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THE ANGELS OF THE SEVEN VIALS
CRITICAL AND EXEGETICAL NOTES
THE pledges and tokens of Divine retribution being thus given, the execution of it is speedily to begin. Seven angels are commissioned to go and inflict upon the beast and his coadjutors the seven last plagues, so called because the wrath of God is accomplished by them.
Revelation 15:1.—No sooner is this command given than the glorious host of martyrs around the throne of God, whose blood had been shed by the beast, sing the song of anticipative triumph, and praise the justice of God, as about to be displayed in the overthrow of the beast. The temple in heaven is then opened, and the seven angels, charged with the execution of Divine justice, go forth from it in splendid apparel. One of the four living creatures which support the throne of God gives each of them a vial, or cruse (bowl), filled with material to execute the wrath of God. The temple is immediately filled with smoke, rising from the fire which burns fiercely round the Al mighty, as the emblem of His anger (Psalms 18:8), and also of His power to destroy. By reason of this, no one is able to enter into the temple, and, of course, no one is permitted to intercede for those who are about to be punished. Punishment, therefore, is certain and inevitable (Moses Stuart).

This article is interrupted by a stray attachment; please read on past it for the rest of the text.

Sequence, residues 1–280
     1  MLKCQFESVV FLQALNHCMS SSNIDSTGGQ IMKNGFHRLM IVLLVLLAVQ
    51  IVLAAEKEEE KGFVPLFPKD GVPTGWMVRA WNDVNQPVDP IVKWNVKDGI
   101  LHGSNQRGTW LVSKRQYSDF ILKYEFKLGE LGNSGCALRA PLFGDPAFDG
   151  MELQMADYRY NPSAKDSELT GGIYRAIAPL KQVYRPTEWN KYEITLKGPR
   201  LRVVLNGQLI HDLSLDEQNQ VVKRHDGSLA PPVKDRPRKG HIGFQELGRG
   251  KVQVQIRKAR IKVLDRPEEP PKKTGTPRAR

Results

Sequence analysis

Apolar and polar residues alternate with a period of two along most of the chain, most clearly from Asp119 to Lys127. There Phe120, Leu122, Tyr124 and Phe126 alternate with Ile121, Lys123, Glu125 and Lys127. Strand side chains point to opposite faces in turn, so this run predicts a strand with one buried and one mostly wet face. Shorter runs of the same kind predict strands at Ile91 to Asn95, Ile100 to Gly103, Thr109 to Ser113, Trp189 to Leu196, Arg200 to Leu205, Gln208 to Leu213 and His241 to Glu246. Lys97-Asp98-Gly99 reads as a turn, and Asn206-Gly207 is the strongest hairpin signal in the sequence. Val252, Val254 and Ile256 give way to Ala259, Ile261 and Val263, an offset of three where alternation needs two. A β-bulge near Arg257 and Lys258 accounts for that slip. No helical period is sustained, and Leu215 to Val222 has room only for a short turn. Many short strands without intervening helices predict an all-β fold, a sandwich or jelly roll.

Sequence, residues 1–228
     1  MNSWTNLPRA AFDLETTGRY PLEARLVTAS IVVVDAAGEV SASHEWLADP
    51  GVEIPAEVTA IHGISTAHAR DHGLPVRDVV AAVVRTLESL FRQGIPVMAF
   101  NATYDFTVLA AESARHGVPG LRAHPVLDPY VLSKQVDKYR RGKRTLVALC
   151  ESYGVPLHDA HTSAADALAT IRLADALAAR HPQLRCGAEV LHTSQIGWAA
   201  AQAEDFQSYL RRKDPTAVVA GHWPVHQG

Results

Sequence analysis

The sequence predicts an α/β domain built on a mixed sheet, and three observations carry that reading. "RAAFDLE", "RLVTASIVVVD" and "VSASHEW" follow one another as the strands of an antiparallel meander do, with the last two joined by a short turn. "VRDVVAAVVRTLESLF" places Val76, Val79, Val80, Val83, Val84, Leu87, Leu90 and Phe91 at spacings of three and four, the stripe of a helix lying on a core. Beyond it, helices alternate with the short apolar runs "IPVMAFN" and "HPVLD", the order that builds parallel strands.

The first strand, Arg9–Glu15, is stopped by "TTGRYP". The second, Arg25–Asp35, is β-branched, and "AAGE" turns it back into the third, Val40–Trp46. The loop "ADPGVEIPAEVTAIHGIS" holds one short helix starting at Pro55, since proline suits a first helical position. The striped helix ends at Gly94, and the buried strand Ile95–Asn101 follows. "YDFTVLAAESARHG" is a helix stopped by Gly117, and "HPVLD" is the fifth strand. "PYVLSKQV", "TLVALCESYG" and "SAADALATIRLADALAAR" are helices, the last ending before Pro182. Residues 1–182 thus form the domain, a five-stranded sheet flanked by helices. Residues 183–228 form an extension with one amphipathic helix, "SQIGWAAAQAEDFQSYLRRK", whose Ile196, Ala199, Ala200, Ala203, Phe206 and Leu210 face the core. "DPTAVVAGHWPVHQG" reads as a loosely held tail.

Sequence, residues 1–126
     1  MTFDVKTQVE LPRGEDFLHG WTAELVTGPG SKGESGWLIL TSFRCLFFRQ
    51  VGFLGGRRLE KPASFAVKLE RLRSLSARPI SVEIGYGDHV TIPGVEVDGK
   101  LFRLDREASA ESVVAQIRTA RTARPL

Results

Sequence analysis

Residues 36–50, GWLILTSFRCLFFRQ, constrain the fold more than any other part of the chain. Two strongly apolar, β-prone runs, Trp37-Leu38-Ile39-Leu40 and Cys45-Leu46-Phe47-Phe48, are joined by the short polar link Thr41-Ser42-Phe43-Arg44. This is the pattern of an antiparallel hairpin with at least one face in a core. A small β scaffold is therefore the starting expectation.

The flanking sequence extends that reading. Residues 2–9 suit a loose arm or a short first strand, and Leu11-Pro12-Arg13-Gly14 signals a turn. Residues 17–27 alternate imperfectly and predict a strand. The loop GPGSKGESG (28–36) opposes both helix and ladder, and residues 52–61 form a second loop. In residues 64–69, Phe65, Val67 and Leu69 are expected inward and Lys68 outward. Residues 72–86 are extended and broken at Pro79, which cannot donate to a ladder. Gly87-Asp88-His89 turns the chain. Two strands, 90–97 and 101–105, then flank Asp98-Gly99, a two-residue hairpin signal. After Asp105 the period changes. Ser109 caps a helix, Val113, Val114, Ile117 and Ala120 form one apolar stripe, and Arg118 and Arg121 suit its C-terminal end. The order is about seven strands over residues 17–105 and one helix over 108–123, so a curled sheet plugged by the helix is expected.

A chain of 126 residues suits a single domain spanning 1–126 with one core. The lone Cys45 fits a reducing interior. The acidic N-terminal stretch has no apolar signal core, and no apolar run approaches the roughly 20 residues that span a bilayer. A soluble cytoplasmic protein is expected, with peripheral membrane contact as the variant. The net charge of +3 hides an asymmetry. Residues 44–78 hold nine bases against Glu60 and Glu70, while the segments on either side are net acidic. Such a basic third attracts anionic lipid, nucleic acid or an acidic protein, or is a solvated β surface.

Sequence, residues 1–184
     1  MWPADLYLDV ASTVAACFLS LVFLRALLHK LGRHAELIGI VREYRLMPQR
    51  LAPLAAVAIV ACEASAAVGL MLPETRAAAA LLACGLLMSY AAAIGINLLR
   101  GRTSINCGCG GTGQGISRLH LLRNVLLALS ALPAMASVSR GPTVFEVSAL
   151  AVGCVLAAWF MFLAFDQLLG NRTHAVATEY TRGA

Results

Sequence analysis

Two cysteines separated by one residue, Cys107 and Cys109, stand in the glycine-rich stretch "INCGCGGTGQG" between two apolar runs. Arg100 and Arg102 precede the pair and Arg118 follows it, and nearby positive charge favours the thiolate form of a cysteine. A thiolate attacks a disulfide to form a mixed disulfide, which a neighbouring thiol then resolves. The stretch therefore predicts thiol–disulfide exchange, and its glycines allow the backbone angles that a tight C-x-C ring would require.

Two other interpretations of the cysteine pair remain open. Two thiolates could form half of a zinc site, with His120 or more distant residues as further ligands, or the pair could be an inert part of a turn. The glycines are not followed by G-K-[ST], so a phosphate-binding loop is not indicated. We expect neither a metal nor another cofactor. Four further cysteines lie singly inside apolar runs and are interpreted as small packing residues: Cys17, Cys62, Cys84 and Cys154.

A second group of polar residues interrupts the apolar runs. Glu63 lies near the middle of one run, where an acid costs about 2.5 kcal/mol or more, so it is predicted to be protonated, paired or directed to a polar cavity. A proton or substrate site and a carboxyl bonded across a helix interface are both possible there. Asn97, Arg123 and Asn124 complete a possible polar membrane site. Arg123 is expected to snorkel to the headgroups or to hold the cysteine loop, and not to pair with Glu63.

Revelation 15:2. Sea of glass.—(See Revelation 4:6). Gotten the victory.—R.V. “come victorious from.” Omit “and over his mark.”
Revelation 15:3. Moses … Lamb.—Types of material and spiritual redemption. Of saints.—Should read either “of the nations” or “of the ages.”
Revelation 15:6. White.—Or bright.
MAIN HOMILETICS OF THE PARAGRAPH.—Revelation 15:1-8
Final Judgments.—The vision which perhaps, under all circumstances, most nearly corresponds with the present is that of Isaiah (chap. 6). There the prophet beheld the vision of God. His train filled the temple, and the house was filled with smoke, and a message of judgment was given to the prophet. That message declared that the sin of the people had reached a climax; they had trifled with convictions, and henceforward the words of God’s servants would harden rather than awaken them—“make the heart of this people fat, and make their ears heavy, and shut their eyes,” etc. (Isaiah 6:9-10), till the desolating judgments had fallen. The general drift of the present vision is similar: the days of warning are over; the plagues which now fall will fall on those who have trifled with convictions; the sanctuary, which was opened as a refuge, is now closed; none can enter till the plagues have descended. The time has come when the judgments of God fail to stir the conscience which has been deadened by sin; the day when the gracious influences towards repentance were felt has passed. The word that has been spoken is about to descend in judgment (John 7:48).
SUGGESTIVE NOTES AND SERMON SKETCHES